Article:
IF YOU CLICK on the headline above you will learn more about two people’s fascination with human powered vehicles. In Minnesota it is none too fun to ride to work on two wheels through the muck and the splash and the cold. To say nothing of the danger of not being noticed. This is not the problem for Mary Arneson and Dale Hammerschmidt as they tool along in their brightly colored Velomobiles. They have theree of the cab versions and travel with winter held at least slightly at bay. Not long ago they took their Velomobiles out onto a frozen Lake Calhoun and created such a sensation that one of the local TV stations shot footage of them for their weather forcast. They also got a bit of ink from the Minneapolis Star Tribune when their “Flintstones cars” arrived. To learn more about traveling without aid of gasoline, contact these folks by clicking here.
We’re listening to A Prairie Home Companion on Sunday morning because the weather at 5 p.m. on Saturday was too sunny and too warm to be anywhere but on the narrow seat of a mountain bike riding carefully through giant puddles on the bike path in Como Park. Today is still pretty warm — 38 degrees — by Minnesota February standards. But yesterday it was, like, 59 and I swear it was 70 by our south facing back door where I was repairing a crumbling concrete step.
WE’VE BEEN LISTENING to A Prairie Home Companion for a much longer time than we’ve been living in Minnesota. I recall that my sister told us about it one day we were visiting Philadelphia and about to hop onto the then partially finished I-476 (Blue Route) beltway as we drove toward a bleary orange early spring Eastern sunset. She told us about the tall, thin, handsome cowboy who told folksy stories about life in the west (what Minnesota is to people who live in the shadow of Billy Penn’s hat). Thus began a long but intermittant habit of tuning in on Saturday afternoons. Driving from Lewiston up to Spokane. Coming into Missoula from the top of Lolo Pass. Chilling by the pool at our apartment complex in Topeka. A thread tying us to this mysterious, hilarious place called Minnesota populated by humorless Norwegians and Swedes who, suffering the tender mercies of Garrison Keillor, are very funny.
Now we live in St. Paul so close to tiny Exchange Street that it is within the realm of possibility to decide we want see the show in person and be in line for $10 rush tickets 15 minutes later. But there are some disadvantages. We now know things we might wish we did not. Some examples follow: 1) Garrison Keillor is tall but he is not thin and, he would be the first to admit, is not handsome; 2) Sarah Bellum, Sandy Beach, Angio Plasty and Warren Peece do not help to write the show. They’re made up names. Keillor writes the whole thing; 3) Yeah, he’s a pretty smart guy but not quite so smart as we thought. The things he says about Minnesotans … are not made up; 4) It really is as cold here as he says it is.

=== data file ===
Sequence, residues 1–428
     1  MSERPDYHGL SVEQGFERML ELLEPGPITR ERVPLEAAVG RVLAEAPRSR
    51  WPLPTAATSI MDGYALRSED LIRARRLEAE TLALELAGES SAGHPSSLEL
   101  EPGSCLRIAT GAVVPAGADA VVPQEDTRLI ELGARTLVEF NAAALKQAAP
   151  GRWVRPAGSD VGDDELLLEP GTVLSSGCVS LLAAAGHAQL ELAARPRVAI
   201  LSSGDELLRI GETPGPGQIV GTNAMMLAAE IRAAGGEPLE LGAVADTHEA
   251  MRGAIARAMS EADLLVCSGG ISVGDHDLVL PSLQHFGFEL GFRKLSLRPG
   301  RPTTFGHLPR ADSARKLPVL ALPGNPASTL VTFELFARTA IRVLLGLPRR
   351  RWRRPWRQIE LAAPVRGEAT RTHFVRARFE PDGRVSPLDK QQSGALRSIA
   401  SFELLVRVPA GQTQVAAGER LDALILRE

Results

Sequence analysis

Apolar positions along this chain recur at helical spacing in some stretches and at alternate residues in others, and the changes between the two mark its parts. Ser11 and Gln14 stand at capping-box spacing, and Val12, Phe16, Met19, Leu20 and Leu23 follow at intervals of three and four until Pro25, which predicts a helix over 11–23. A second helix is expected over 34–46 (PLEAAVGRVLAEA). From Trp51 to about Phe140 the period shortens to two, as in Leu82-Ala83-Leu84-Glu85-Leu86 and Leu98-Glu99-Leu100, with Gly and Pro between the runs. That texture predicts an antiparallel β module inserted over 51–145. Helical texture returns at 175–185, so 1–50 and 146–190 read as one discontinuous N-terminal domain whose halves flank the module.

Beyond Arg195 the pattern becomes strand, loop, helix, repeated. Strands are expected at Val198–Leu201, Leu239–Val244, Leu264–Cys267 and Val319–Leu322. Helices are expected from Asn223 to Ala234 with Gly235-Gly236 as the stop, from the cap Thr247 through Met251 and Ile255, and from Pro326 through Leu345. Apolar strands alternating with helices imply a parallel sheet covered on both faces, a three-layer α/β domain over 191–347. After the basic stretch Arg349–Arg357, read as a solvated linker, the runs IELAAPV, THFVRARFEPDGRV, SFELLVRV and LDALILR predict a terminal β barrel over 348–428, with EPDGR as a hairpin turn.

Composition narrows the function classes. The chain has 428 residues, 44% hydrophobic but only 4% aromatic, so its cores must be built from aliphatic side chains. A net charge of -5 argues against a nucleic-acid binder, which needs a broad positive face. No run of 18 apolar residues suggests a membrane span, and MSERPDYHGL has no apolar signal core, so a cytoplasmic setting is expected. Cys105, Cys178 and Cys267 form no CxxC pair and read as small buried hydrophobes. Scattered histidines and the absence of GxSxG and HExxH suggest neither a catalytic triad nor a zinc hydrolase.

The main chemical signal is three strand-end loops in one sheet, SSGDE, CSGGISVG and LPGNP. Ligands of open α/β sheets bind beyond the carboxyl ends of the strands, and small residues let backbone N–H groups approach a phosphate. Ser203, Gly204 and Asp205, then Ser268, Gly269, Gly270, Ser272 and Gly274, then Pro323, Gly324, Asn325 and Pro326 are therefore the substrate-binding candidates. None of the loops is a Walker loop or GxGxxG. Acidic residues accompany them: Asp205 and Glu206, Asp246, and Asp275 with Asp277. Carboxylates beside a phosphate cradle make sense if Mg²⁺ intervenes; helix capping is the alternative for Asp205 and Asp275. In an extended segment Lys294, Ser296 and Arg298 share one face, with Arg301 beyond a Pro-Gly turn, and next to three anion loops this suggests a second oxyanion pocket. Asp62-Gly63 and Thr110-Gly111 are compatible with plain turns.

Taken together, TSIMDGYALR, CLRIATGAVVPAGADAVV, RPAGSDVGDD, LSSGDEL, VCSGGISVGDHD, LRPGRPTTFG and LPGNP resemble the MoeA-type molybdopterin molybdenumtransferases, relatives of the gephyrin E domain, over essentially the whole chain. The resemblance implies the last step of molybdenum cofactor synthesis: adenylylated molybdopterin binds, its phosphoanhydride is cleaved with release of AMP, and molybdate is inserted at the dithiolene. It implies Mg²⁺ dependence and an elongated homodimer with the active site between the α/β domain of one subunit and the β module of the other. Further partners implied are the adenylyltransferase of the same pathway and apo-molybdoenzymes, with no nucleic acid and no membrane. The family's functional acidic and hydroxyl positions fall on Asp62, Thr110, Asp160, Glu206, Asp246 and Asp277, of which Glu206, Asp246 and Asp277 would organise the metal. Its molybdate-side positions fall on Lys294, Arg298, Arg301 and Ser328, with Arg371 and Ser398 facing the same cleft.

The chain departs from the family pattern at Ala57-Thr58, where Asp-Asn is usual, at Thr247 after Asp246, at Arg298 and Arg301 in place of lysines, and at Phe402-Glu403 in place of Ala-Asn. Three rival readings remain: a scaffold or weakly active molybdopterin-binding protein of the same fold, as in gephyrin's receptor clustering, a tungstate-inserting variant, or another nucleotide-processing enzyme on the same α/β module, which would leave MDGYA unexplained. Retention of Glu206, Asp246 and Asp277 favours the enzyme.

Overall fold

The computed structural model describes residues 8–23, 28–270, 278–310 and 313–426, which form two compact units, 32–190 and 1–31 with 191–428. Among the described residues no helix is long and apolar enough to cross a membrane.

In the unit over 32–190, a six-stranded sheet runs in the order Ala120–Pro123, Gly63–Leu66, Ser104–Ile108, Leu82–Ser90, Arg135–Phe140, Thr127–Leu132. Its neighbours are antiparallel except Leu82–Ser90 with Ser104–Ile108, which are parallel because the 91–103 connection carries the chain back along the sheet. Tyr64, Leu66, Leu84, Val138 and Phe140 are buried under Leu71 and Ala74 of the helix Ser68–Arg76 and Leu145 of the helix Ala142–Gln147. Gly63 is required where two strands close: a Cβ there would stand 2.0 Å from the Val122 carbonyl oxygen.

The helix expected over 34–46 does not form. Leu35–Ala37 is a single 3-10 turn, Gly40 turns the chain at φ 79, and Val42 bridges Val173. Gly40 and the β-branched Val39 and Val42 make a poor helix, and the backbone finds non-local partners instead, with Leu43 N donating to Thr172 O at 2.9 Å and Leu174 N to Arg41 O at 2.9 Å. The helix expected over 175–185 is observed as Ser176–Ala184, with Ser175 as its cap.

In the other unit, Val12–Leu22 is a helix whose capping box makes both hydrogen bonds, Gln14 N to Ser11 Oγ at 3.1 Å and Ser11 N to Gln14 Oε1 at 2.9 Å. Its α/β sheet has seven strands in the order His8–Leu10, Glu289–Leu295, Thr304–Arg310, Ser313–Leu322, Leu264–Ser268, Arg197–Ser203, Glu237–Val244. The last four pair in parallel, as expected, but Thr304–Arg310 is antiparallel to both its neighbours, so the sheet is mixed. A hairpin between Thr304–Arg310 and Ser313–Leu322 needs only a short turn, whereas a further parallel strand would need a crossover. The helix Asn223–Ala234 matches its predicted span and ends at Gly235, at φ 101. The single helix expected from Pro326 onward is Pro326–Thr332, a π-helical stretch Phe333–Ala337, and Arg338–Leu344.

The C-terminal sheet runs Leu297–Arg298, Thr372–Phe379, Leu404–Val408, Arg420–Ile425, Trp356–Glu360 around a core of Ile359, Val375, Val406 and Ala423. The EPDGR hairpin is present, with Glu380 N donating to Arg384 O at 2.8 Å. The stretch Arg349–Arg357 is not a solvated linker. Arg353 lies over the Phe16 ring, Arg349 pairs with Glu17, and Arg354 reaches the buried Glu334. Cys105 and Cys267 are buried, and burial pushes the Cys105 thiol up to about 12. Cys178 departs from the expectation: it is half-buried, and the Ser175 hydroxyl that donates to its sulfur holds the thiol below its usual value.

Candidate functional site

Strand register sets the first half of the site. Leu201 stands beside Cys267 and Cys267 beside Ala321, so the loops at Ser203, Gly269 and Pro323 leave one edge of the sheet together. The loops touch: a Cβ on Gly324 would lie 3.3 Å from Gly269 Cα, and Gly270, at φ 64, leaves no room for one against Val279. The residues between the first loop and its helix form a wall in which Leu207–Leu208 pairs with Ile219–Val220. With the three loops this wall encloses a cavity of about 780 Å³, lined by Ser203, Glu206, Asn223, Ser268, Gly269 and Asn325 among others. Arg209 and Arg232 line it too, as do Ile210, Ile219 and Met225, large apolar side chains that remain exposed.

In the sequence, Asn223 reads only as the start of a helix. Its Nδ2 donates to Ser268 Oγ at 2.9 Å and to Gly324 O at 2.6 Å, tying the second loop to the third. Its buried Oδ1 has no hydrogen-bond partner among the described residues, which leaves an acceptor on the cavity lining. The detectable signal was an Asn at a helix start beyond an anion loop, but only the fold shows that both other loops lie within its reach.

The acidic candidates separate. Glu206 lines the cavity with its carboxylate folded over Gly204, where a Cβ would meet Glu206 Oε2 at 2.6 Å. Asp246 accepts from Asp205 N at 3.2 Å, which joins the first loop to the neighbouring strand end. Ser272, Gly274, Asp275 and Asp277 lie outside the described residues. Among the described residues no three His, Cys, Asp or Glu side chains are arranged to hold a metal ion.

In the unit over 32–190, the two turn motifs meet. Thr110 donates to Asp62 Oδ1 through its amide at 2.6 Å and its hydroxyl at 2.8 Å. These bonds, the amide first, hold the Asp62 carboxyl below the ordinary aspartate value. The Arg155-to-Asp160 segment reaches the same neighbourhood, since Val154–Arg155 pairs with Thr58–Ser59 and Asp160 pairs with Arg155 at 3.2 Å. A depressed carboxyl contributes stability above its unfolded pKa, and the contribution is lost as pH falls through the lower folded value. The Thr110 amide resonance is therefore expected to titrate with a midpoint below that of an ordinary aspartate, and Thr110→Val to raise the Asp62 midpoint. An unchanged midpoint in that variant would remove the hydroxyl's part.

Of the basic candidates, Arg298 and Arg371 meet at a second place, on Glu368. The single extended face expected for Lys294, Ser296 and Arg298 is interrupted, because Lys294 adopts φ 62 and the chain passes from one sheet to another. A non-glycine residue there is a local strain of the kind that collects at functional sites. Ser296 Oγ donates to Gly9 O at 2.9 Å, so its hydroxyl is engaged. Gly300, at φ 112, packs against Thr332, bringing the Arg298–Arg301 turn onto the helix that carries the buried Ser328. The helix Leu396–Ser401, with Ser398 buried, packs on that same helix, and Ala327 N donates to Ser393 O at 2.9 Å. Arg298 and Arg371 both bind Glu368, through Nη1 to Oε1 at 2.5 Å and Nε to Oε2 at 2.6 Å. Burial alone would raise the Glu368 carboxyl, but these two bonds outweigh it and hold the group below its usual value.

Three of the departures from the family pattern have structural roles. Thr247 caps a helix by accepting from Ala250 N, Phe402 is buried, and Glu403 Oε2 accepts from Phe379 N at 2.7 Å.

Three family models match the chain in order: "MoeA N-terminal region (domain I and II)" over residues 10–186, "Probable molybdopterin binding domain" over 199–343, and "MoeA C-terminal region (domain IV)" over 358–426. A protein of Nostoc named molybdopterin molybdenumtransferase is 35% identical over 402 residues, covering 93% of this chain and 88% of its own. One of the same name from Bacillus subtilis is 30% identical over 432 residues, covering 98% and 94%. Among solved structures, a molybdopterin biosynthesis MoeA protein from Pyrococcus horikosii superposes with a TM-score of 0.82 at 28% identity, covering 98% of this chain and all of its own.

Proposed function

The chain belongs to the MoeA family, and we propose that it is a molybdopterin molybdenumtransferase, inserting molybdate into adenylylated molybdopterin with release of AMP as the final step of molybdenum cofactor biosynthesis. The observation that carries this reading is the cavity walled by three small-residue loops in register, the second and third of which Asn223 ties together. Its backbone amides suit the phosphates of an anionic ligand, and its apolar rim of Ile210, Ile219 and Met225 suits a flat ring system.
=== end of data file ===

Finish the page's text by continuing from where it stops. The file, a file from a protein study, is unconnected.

PHOTO Title: My home on the range
It is very hard for me to believe that anyone could look out and see in real time what is represented in this tiny photograph and call it home. And yet I have ancestors — a grandmother and some great aunts — who did just that. It was called homesteading. While their husbands were comfortably in town (Powell, Wyoming) running the Sheehy & McWilliams General Store, these tough women were spending at least a portion of their time trying to “prove up” on land that nobody would want and still doesn’t want to this day. They called it Polecat Bench. You can see it looking south from Powell. It is flat land that is raised up above the rest of the area on what is called “a bench.” The rise to this land is, for the most part, quite steep. And there is NO … let me repeat that … NO water up there. No rivers. No streams. No little streams. No lakes, ponds or puddles. No water. Which means there is almost nothing anyone in the early 20th century or the early 21st century can do with it. But, somehow these dear ladies managed to do it. And the land has remained in family hands ever since.
The taxes got paid out of the proceeds of the meager rent paid by a few ranchers who ran their cattle up there (I think the ratio was one per square mile). And they were paid exploration rights some of the time by various oil and gas concerns. And there is a gas operation up there and some wells so it was always a possibility I suppose. But my grandmother and her sisters-in-law weren’t lucky in that way. What did make them lucky is that after a few fires and a depression, the men decided it might be a good idea to go back east again.
Epilogue: Now it is November 2007. I am in receipt of communications from Robert Brown of Cody, Wyoming, who has an amateur interest in documenting historical sites, one of them being the structure located on what we knew as “Nellie’s Place.” I will write more about this and request permission from Robert Brown to possibly incorporate his images. For the time being, here is a slide show of his images.
IN FEWER THAN 30 MINUTES from the time of this post, the latest in highly creative imagineering will, ironically, prevent us from seeing The West Wing. My one evening a week of blissful fantasy is invaded by the very people I am seeking to blot out of my mind, at least for one hour. Now even that refuge is denied us. I thought about stopping at NWA headquarters in Eagan to request a complimentary bushel of those little plastic lined bags one finds in the seat pocket in front of you. But I had to rush home. No time for such things. Now it is exactly 15 minutes until the English Language begins its brutalization and truth parked somewhere in the odd spot (was that P2 or P9?).